Monday, January 01, 2007

SADDAM'S OBITUARY in the Times of London mentions his obsession with Nebuchadnezzar and some of its effects:
Saddam Hussein
April 28, 1937 - December 30, 2006
Iraqi dictator whose brutal and reckless rule brought untold miseries on his people and encompassed their utter ruin

Saddam Hussein was a tyrant whose actions brought down unimaginable catastrophe on Iraq and its peoples. From an early age, he had enjoyed inflicting suffering on those around him and, when he came to positions of political power, those whom he could not force or corrupt into submitting to his will, he maimed, murdered or made to flee.

He started two international wars — one against Iran, the second as a result of aggression against Kuwait — which cost an estimated one million lives. He instituted genocidal campaigns against the Kurds in the north of Iraq and the Marsh Arabs in the south. Ruling through the Sunni minority of which he was a member, he ignored the claims of the country’s majority Shia population.

The third war in the region, which brought him and his regime down, was not directly begun by him, but by apparent American — and British — fears of a perceived threat his weapons posed to international security. This time Saddam misjudged the event — and certainly the American mood. Having been let off the hook after his defeat over his Kuwait adventure, he clearly felt that the international community did not have the stomach for a fight. He may have been right in that. But a new American president, George W. Bush, determined to find a scapegoat for the terrorist attacks on the US on September 11, 2001, was in no mood to abide by the niceties of international law. In the determination of President Bush and his advisers, Saddam at length met his match, though the internecine aftermath of the campaign that overthrew him gave his conquerors little enough satisfaction.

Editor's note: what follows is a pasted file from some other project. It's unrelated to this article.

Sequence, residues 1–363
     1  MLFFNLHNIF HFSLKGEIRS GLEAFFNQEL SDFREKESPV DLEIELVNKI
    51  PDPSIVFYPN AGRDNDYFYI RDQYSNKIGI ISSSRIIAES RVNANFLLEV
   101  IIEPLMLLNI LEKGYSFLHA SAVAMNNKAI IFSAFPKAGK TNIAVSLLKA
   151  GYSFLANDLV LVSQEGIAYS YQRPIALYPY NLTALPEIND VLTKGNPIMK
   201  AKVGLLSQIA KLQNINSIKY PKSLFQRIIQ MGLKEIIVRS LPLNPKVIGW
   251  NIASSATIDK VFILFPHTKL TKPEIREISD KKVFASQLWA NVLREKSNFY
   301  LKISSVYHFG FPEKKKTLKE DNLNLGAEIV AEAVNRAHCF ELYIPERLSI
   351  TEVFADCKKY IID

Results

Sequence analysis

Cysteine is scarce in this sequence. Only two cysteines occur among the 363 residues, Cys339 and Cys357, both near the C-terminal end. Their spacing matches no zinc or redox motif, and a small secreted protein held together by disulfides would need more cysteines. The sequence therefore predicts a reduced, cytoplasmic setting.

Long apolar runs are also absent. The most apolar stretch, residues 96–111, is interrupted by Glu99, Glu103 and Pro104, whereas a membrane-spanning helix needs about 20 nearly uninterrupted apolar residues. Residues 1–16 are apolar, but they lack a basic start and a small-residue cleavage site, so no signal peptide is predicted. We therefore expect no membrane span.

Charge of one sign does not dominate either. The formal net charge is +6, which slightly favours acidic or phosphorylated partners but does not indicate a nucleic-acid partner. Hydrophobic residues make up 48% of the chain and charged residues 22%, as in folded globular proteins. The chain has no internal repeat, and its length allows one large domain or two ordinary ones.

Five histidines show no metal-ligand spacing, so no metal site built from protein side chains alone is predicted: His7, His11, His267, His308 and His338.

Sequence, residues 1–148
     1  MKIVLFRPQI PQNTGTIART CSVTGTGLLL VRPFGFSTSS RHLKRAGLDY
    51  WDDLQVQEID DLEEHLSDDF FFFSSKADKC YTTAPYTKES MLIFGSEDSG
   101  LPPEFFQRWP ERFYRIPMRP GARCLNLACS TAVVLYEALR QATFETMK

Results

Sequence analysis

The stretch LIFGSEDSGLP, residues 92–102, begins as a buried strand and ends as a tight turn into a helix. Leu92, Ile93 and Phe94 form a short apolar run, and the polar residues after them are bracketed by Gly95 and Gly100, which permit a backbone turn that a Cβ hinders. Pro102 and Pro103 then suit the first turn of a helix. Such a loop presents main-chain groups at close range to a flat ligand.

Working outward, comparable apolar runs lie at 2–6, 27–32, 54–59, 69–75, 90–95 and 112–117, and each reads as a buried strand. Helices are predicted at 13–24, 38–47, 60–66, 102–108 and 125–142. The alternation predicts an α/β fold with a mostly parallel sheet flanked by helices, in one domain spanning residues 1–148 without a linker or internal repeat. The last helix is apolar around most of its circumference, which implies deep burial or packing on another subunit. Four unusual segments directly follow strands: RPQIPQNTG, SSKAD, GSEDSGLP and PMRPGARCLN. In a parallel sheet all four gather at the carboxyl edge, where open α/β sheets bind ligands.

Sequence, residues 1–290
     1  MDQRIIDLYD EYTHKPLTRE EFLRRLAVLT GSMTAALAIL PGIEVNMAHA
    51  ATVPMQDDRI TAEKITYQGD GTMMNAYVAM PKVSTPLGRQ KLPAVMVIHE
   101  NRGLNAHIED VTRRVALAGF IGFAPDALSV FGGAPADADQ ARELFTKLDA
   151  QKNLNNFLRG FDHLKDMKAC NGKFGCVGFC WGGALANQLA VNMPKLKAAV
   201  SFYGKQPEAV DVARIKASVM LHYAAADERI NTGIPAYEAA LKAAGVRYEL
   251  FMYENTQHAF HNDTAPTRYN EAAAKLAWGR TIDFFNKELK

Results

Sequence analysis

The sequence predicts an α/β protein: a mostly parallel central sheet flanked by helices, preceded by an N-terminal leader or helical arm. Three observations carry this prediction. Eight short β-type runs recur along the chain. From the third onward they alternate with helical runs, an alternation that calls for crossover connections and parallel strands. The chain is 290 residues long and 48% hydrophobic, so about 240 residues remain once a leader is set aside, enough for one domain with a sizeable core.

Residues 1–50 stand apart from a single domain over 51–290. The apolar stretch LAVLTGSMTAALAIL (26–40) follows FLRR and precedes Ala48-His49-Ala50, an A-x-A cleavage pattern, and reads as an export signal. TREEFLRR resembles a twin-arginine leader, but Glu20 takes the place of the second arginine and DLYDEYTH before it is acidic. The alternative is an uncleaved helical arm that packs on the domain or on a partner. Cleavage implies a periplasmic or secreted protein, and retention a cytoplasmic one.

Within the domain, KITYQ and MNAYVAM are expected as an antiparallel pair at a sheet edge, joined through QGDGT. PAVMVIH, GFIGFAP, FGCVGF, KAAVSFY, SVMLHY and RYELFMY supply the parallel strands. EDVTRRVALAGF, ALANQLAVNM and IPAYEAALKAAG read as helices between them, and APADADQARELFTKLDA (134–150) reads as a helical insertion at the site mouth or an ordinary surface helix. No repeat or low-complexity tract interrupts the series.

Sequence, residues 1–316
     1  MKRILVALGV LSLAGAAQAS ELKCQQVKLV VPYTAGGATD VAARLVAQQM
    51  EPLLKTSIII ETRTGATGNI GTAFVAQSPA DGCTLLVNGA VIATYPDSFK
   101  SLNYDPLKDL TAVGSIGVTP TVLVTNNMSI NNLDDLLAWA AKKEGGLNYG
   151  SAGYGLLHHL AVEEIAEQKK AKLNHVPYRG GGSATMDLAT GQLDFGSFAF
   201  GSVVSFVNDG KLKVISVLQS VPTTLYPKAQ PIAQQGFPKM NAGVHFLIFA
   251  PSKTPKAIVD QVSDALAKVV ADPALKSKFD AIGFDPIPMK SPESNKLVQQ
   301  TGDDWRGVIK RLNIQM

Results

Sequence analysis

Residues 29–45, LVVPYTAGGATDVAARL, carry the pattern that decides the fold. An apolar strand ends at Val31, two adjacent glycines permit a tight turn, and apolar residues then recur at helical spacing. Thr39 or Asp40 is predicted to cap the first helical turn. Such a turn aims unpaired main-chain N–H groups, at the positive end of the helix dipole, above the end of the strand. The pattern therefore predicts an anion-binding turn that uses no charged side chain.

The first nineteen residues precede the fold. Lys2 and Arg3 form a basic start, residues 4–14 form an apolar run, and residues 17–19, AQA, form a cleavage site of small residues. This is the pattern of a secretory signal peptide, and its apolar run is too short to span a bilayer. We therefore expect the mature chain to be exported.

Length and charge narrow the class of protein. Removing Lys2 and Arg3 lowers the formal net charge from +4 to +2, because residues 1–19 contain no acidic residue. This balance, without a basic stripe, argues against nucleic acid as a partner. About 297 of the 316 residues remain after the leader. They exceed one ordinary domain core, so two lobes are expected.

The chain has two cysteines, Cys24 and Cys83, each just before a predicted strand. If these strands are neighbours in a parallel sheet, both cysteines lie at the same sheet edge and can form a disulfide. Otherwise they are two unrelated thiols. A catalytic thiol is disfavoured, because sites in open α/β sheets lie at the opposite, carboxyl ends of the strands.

A fervent admirer of Hitler on account of the latter’s boldness and hatred of Jews, he told his official biographer in 1980 that he wanted Iraqis to think of Nebuchadnezzar every day. “We could march into Palestine and bring all those Jews here in Babylon with their hands tied behind their backs once more”, he said.


Motivated by the prospect of humiliating “the ancient Persian enemy” and increasing his chances of becoming the overall leader of the Arab world, Saddam declared the agreement he had signed with the Shah in 1975 invalid, saying that he had signed it when Iraq was militarily weak. On September 22, 1980, Iraqi tanks rolled into Iran and attempted to cut the southern oilfields of Khuzistan from the rest of the country. It proved to be a costly mistake. ...
My emphasis. One of the first PaleoJudaica posts was on Saddam and Nebuchadnezzar. Alas, all the links in it have rotted, but the overall content stands. See also here for the same quote as in today's obituary, and here and here for Saddam's own brick inscriptions in Babylon and Hatra.

UPDATE: The American Thinker and Arutz Sheva are drawing an additional parallel between the legendary Nebuchadnezzar of Daniel 4:30 (English version 4:33) and Saddam in his spider hole. And perhaps its worth being reminded by Robert Windrem on the MSNBC Blog of the other person who served as a major inspiration for Saddam:
Publicly, he liked to be compared to the great Mesopotamian leaders who had created the earliest cultures: Hammurabi and Nebuchadnezzar. But privately, he kept a portrait of the equally paranoid Stalin, the low-born Georgian thug he so resembled. If he had studied Soviet history closely though, he would have seen that arrogant miscalculation had almost undone Stalin. And in fact, it was such miscalculation that did undo Saddam: the Iran-Iraq War that killed almost a million Iranians and Iraqis, the invasion of Kuwait that led to the Gulf War and his belief that the US would never invade Iraq.

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